Domestic Violence or Abuse. Signs, Awareness, Help and Helpful Tips
Studies show that in the United States, a woman is abused, either beaten or assaulted every nine seconds whilst the Domestic Violence Awareness Project states that at least three women die daily as a result of domestic violence. Also startling is the organization’s projection that at least one in every four women and one in every thirteen men will be a victim of domestic violence in their lifetime. These statistics emphasize the importance of October, 2011 as Domestic Violence Awareness Month, as celebrated since 1987.
Significance of Domestic Violence Awareness Month
There are many groups and organizations working diligently to raise Domestic Violence awareness in our communities. It is alarming and sobering that most Domestic Violence cases go unreported as victims are afraid to seek assistance or are not aware of the help/services available. Education is power and for the abused, ignorance is not bliss but a path to becoming a statistic. When we consider numbers like ten million children witnessing abuse in some form annually or one in five teenage girls staying in a relationship because a boyfriend threatened self harm or violence, we recognize the importance of raising awareness with the youth of our nation. Domestic Violence affects every age group, class and race. See the statistics here. Another issue that makes awareness a critical matter is the lack of knowledge as to what exactly Abuse is as many believe abuse to be simply of a physical nature. When we become educated as to the many faces of abuse, we can better identify if abuse is taking place in our homes and if our friends, family members and/or loved ones are victims of abuse.
THE MANY FACES OF ABUSE/DOMESTIC VIOLENCE
PHYSICAL AND EMOTIONAL ABUSE
You are being Abused if you answer yes to any of these questions.
Does your spouse or partner…..
Hit you, shove you, slap you, choke you?
Force you to have sexual intercourse?
Threaten to kill you or him/her self?
Threaten to kill your pets?
Intimidate you with guns, knives or any other weapons?
Prevent you from visiting family or friends?
Destroy your property?
Call you a bad parent, and threaten to take your children or harm them?
Control what you do, who you see?
Prevent you from going to school or working?
Look at you or act in a way that scares you?
Act like the abuse is all your fault, deny it ever happened or pretend it's not a problem?
Take your money, refuse to give you money or make you ask/beg for it?.
Make all the decisions?
Force you to drop the charges?
If you are a child and answer yes to any of the following questions, you are being abused.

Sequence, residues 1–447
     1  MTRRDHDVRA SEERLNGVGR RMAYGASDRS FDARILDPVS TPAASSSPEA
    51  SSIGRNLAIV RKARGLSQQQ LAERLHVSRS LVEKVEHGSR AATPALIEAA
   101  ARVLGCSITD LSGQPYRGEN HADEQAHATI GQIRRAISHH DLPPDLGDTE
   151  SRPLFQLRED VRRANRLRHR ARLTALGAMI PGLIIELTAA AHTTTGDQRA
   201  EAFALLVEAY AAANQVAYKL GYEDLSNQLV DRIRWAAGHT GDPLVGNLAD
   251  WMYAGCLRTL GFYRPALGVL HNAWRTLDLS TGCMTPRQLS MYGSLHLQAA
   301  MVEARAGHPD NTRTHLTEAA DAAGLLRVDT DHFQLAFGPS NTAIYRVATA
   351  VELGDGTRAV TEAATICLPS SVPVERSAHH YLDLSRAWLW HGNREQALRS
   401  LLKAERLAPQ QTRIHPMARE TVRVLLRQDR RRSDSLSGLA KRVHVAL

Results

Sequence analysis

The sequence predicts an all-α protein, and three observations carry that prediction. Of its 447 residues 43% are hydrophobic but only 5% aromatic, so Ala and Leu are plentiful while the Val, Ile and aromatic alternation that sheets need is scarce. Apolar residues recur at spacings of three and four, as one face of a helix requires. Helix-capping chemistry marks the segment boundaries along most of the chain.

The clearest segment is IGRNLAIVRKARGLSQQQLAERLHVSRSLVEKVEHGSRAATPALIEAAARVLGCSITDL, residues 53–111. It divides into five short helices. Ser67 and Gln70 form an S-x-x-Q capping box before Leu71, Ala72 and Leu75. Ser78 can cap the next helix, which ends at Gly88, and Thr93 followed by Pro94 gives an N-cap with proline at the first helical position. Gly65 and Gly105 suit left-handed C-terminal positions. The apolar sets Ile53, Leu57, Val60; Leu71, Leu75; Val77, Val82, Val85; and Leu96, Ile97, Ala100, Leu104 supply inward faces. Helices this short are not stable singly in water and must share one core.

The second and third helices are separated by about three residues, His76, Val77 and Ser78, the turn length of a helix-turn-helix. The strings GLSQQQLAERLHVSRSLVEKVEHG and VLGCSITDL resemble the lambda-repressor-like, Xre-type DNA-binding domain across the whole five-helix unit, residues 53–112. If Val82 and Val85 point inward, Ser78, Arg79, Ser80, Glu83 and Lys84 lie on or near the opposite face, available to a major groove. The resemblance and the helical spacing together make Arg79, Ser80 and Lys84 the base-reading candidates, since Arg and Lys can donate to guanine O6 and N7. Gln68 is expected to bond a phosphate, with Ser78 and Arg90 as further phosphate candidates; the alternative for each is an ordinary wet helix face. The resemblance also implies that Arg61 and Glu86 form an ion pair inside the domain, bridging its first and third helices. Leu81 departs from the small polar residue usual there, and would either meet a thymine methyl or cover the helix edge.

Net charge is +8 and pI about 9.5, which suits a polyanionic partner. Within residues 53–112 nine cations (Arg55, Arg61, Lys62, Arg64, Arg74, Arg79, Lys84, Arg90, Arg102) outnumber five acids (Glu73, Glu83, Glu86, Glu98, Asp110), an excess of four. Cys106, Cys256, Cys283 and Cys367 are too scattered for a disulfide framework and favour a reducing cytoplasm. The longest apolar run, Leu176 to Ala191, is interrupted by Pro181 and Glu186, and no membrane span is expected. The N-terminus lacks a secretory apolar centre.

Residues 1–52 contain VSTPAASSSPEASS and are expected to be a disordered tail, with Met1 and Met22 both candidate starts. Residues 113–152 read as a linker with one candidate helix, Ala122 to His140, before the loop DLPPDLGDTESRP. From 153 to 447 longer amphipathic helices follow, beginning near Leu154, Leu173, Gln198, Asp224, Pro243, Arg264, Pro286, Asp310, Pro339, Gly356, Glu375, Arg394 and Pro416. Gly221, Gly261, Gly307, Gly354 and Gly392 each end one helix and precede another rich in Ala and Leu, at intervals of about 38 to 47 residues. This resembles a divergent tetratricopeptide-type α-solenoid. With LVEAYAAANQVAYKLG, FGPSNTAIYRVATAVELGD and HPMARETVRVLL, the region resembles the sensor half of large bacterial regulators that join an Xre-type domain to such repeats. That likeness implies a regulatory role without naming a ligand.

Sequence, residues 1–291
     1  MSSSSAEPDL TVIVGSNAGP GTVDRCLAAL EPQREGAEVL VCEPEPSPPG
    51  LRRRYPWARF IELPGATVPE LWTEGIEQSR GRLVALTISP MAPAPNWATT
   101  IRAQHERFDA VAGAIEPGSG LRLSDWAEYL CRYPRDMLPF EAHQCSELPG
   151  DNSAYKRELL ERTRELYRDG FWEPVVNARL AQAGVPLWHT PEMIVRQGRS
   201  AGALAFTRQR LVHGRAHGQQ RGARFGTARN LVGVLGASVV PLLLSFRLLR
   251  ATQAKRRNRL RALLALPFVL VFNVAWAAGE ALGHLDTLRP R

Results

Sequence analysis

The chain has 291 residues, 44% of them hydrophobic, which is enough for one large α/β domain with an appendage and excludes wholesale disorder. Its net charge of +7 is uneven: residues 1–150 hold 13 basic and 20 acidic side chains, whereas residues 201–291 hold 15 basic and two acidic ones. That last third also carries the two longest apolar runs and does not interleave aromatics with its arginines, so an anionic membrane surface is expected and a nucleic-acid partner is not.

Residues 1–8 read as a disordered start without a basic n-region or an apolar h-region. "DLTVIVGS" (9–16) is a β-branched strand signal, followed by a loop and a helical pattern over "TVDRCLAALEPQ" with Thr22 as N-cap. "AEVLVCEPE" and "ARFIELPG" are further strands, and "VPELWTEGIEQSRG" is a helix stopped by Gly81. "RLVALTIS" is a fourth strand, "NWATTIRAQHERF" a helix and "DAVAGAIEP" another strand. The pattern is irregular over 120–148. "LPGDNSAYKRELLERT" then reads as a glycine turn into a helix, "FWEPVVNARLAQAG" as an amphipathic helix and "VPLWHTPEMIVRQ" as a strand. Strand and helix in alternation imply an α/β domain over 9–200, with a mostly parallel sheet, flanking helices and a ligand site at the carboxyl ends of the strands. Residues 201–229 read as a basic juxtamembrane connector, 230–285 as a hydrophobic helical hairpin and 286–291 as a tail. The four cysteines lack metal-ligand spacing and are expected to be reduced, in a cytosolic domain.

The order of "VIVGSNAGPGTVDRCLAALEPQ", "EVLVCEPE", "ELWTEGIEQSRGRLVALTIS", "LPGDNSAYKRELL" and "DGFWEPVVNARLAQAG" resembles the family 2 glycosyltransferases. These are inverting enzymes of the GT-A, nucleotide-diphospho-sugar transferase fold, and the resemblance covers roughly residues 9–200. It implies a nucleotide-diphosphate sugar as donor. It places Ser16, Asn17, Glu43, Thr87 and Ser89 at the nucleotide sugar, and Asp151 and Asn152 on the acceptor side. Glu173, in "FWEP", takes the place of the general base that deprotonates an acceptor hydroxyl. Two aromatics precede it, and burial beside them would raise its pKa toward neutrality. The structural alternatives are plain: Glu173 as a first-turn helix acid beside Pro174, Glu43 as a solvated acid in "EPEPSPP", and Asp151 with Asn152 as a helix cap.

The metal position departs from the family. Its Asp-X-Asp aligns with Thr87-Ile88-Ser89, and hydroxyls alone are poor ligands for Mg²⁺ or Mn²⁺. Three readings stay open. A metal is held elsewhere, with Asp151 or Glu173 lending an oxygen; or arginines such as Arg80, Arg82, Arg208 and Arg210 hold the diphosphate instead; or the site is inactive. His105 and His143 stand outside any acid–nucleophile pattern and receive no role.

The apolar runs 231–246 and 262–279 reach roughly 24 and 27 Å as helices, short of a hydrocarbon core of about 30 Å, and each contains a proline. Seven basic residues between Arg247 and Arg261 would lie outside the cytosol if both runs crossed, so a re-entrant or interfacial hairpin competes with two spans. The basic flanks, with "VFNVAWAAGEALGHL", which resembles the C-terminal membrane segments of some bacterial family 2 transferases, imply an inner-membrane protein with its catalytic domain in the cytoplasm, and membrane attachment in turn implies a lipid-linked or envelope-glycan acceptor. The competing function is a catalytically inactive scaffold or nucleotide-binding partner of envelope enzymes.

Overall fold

Does your parent, relative, friend or stranger
Touch you inappropriately?
Make you touch any private parts of their body?
Force you to have sexual intercourse or tell you that you have to do it, to prove you love them?
Force you to have sexual relations with others?
Beat you, slap you, shove you, kick you?
Deny you food or water?
Remember to ALWAYS SAY NO !
Speak to a counselor at school if you believe you are being abused.
Call 911 if you are being abused.
Talk to a friend or your priest, pastor or teacher.
Domestic Violence: It’s Silence and Why Cases Go Unreported
The reasons why many cases go unreported range from fear of retaliation from the abuser, homelessness, shame, isolation and the hope many hold out that the abuser will change. For many, abuse is a way of life. The victim may have been abused as a child and as a result, has a tainted image of what love is, even believing it to be an acceptable way of life or a sign of love. A number of immigrants, abused by a partner who is a permanent resident or citizen, may remain silent because of fear of deportation if the abuser refuses to apply for legal immigration status on his/her behalf. Abusers have been known to use the victim’s lack of immigration status a tool of intimidation. The Violence Against Women’s Act of 1994 not only enhanced “investigation and prosecution of violent crimes perpetrated against women” but also has made it possible for abused immigrants to self petition for immigration benefits. Many Non-profit Organizations as Catholic Charities will assist the intended immigrant throughout the filing process. Many persons in an abusive relationship fear reaching out to friends and family fearing the repercussions should the abuser be confronted. Many suffer in silence. Some are fearful of using the computer, possibly being discovered in their search for information on domestic violence. Many websites offering resources and help for the abused now offer “quick escape” buttons that allows the one browsing for information a speedy exit should the abuser walk into the room. The Domestic Violence Hotline offers a wealth of information with their hotline at 1-866-799-SAFE (7233) or 1-800-787-3224 TTY.
Tips to Remember
Domestic Violence or Abuse is NEVER OK.
You DO NOT DESERVE IT
NO ACTION EVER MAKES ABUSE THE RIGHT REACTION
Because you were ABUSED AS A CHILD does not make it ACCEPTABLE AS AN ADULT.
Abuse is NEVER an ACT OF LOVE.
LOVE DOES NOT HURT.
Abuse IS NOT ONLY PHYSICAL.
WORDS are NOT just WIND. WORDS HURT TOO.
HELP IS AVAILABLE: TALK, REACH OUT.
911 FOR DOMESTIC VIOLENCE: IT’S A CRIME.
Are you now or have you ever been a victim of abuse?See results without voting
© 2011 Michele McCallister
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